My art practice is an attempt to blend meditation, the felt-sense and the visual.
To wake up!
I trust that coming back to this basic practice, of being present, of allowing what is, will lead into a more engaged or farther-reaching practice one day. Someone once said that art should break habits. I love that. There are so many; great big global habits and tiny little prickly habits, issues that affect us all.
For now, I have undertaken to be part of an exhibition about 'doors' at the Refinery Gallery in Nelson this August. We've been asked to interpret 'doors' in whichever way we choose. Straight away I thought of 'The Gateless Barrier', a way perhaps of describing 'awakening' in the Zen tradition. It suggests a form of doorway, an entry point of sorts. Although there is nothing to enter, and nowhere to go. Right there lie a habit or two.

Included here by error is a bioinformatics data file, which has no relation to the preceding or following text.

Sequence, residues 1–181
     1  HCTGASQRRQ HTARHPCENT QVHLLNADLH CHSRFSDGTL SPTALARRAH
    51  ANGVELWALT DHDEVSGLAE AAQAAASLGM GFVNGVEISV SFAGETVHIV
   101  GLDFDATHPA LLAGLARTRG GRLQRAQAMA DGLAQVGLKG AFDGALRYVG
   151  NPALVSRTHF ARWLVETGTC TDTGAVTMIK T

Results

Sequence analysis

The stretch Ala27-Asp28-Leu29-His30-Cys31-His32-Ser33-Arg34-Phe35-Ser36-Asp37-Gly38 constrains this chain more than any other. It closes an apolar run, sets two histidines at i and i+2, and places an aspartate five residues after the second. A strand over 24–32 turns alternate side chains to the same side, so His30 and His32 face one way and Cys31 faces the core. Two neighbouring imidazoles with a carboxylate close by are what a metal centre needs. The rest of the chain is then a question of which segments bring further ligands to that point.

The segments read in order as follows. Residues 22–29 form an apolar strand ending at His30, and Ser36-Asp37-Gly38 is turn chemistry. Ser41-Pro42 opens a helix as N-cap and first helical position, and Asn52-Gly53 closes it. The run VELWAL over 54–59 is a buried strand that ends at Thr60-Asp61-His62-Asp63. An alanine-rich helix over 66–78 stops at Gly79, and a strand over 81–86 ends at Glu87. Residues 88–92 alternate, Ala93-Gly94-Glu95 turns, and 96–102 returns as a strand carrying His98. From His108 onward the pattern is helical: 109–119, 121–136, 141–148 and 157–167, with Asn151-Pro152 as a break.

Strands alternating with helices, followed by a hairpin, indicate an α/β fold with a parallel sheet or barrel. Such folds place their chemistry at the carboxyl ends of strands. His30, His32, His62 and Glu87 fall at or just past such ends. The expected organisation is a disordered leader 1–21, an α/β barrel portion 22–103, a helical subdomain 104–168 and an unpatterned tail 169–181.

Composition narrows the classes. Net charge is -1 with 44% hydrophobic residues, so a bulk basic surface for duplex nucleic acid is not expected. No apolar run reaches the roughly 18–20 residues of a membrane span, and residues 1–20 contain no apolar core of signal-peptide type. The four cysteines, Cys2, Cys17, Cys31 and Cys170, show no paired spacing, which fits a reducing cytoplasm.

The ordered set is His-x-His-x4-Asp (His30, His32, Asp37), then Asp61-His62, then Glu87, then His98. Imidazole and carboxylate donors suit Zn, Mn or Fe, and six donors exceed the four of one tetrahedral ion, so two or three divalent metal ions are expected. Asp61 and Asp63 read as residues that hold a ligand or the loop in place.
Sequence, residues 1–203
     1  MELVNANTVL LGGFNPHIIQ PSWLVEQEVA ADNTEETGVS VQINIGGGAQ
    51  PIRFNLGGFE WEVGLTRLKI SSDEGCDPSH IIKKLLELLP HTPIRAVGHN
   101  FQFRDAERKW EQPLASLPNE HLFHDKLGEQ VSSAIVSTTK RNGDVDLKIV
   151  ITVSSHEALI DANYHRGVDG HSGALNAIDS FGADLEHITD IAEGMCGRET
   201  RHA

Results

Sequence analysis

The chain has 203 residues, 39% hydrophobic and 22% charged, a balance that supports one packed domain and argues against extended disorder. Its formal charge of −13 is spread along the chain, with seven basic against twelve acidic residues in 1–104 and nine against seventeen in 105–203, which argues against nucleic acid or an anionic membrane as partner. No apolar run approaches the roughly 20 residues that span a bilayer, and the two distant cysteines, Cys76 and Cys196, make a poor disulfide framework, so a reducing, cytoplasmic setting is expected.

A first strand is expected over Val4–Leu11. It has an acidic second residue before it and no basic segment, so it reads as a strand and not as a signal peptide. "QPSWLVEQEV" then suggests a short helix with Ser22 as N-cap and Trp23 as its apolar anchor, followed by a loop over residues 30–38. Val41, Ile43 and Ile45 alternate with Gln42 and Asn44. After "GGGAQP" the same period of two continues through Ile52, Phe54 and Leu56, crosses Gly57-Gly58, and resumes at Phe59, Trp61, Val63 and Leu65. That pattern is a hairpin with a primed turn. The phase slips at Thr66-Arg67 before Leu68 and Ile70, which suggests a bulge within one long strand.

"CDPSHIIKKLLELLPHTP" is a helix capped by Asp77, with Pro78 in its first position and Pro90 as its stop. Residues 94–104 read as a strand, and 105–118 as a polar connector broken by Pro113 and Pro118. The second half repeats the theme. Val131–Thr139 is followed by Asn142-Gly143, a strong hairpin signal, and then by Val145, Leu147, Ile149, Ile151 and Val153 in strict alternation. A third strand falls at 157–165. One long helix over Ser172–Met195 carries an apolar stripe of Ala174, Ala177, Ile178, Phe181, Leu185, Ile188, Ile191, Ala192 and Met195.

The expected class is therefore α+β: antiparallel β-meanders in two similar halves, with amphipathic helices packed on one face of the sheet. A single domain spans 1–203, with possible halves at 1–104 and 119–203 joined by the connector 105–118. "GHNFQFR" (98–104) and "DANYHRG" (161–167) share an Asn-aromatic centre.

Over there is the gateless barrier.
Each step towards it is a barrier. Each step I take.
Letting go the need to think it through and going through nonetheless, even when I am stuck.
I am struggling to find the starting point for this work. Where do you start when there is nowhere to go, nothing to step through? The stepping through is the gate. So for now, just taking a step in any direction is the right direction.
It brings to mind a passage from one of my children's favourite books,"Stumble trip, stumble trip, stumble trip. We can't go over it, We can't go under it, Oh No! We've got to go through it!"